Testing and Management Mistakes: The Inner Team

I found this old draft blog entry while going through some older blog entries. Since this has been laying around for many years now, I figured, it should be time to publish it now. Enjoy.

A couple of years ago Michael Bolton started a blog series on testing and management mistakes, to which I contributed four follow-up blog entries with an introduction, replacing blaming with placating, congruent responses, and causes. All of this was based on a single psychological model, or better, my understanding of it after having read through most of Jerry Weinberg’s work.

Recently I started to dive into some topics in psychology. While working through work from Schulz von Thun, I remembered this series when I crossed the idea of the inner team. I decided to revisit the original conversation and discuss it in the light of the inner team.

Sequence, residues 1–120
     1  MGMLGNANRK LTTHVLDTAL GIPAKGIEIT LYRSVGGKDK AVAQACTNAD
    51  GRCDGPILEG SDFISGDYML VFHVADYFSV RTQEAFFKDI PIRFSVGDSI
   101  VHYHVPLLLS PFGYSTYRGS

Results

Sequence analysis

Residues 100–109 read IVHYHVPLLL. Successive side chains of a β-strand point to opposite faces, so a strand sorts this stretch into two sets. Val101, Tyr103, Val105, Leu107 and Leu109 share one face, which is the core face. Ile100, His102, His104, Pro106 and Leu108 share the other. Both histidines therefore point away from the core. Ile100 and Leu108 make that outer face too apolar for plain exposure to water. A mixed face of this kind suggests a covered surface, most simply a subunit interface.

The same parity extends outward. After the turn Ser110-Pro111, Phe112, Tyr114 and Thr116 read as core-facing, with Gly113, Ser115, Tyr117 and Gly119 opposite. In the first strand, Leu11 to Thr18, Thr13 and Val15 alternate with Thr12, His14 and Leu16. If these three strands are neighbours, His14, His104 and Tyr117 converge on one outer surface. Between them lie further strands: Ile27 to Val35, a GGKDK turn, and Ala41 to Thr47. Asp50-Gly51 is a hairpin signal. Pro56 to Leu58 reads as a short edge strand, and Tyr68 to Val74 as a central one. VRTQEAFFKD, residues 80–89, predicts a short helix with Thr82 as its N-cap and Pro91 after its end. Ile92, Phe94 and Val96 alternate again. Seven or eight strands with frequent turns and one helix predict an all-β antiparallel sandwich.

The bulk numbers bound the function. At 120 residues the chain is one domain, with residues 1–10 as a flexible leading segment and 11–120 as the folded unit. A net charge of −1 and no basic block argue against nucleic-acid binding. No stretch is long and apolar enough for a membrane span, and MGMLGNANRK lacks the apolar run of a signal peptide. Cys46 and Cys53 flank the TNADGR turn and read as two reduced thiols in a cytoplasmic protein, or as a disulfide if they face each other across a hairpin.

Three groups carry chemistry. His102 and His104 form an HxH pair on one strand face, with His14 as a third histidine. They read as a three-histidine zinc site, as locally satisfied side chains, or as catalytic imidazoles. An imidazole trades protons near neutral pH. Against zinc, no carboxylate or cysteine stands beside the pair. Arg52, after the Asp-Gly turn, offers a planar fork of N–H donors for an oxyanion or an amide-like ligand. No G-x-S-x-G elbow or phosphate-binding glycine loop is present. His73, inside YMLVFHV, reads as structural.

Schulz von Thun describes the inner team as a collective of personalities that each of us develops and carries with us. In any conversation, we face the struggle of forces for or against an argument. We also have a team leader, which could be stronger developed with some of us, or weaker, thereby yielding to different responses – sometimes even incongruent ones depending on the inner team member that cries the loudest at any given time.

Let’s revisit the conversation of the project manager asking a tester to work over the weekend, and take a closer look at the inner team within this tester.

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